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Book Reviews (4)

FILL YOUR BOOKSHELVES WITH SISTERHOOD: Book Club Review of Mira Sethi’s Are You Enjoying? 

In July, thanks to a recommendation of one of our Book Club members, the Australian South Asian Centre’s (ASAC) Book Club read Mira Sethi’s Are You Enjoying, a collection of seven short stories about life, love, intimacy and intrigue in contemporary, urban Pakistan. According to Sana Goyal of Tilted Axis Press, ‘Here, Pakistan is not a set of binaries seen under western eyes; it holds its own place in the world.’

Are You Enjoying? is the first book by the Pakistani actress, model and former book editor for the Wall Street Journal. In a recent Vogue essay, Mira described the collection as being about ‘the comedy and heartache of lives lived in the intense in-between’ and reflected how this global pandemic has created a series of in-between experiences through the constant displacement of the familiar.

The collection deftly challenges conventional norms about identity, sexuality, compassion, religion, family and cultural lifestyle in Pakistan, and her elegant and often humorous tone helps balance these inherently heavy themes.

Mira stated in a recent interview that she wanted to contribute stories ‘bursting with contradiction and meaning’ as opposed to ‘single-note stories’ about Pakistan centred on religion and extremism. Though the book disengages from traditional South Asian narratives typically depicted in Western literature, our members observed that the stories predominantly showcased  characters of privileged and affluent circumstances, and didn’t offer as much insight into the lives of ordinary people. While some readers may be satisfied with reading storied based on the affluent, our members had hoped for a more nuanced and realistic portrayal of life in Pakistan.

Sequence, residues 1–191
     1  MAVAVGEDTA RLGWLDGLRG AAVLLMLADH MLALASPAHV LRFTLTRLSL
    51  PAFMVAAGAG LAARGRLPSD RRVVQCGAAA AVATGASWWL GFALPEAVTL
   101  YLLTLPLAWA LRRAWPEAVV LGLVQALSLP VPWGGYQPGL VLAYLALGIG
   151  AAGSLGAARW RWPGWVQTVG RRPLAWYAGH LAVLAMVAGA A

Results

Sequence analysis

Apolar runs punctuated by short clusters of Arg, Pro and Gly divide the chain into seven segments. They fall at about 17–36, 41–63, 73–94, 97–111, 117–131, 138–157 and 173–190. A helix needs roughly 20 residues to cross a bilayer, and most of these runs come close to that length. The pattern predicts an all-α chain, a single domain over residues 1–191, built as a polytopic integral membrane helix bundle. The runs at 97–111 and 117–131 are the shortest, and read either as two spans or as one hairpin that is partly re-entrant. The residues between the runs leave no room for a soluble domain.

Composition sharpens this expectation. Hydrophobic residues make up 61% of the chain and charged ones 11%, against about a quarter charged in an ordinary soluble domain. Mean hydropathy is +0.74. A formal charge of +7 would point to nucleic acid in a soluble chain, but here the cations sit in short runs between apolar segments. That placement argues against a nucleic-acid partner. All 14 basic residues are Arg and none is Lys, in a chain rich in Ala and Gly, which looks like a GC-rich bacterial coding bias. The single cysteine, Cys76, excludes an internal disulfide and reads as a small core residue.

Book Club Discussions

From our Book Club discussions, we learned that our members’ had wished that certain themes had been explored more deeply, particularly the imbalanced workplace dynamics in ‘Breezy Blessings’; though it’s also acknowledged that this format is defined by its brevity.

The story highlighted the disparity in the power dynamic between an aspiring actress and a director, subtly hinting at prevalent film industry issues that marginalises disadvantaged women and exploits their vulnerability before the story abruptly ends. While some of our members felt confused and dazed by this ending, others agreed that the ending offered a greater impact by leaving things unsaid, allowing readers’ imaginations to trace the trajectory to its expected conclusion.

As we noticed common threads in many of the stories in this collection were variations of power struggles, we were curious to know what our members’ thoughts on this topic were. We asked them if they could reverse one power dynamic in their life, what would it be? One member launched into a discussion about the power imbalance between fresh graduate associates and senior employees in the workplace, which united our members, despite being located in different parts of the world.

This led to a powerful conversation about issues women, particularly women of colour face in the workplace and how our identities are sometimes used against us in professional environments; and further contribute to feelings of professional isolation and alienation.

While there is increased public and media awareness about the global underrepresentation of women of colour in all aspects of public and professional life, our lack of presence and visibility in these places is a current issue that’s yet to be resolved.

 

What can we do?

We at ASAC, understand that the content and media we consume plays a significant part in how we see the world, form opinions and our understanding of other people, cultures and key issues. We’ve found that a great way to stay informed and access intersectional perspectives is by diversifying our bookshelves.

In order to create change within our own community, ASAC launched its own book club in the hopes of uplifting South-Asian female authors as we noticed a glaring lack of representation of our presence in literature. This is why Mira Sethi’s Are You Enjoying? is one of the books we wanted to read, discuss and amplify as part of ASAC’s Book Club.

One positive step you can take right now is to join our Book Club! We’re currently reading Good Indian Daughter by Ruhi Lee, join us by filling out this short form.

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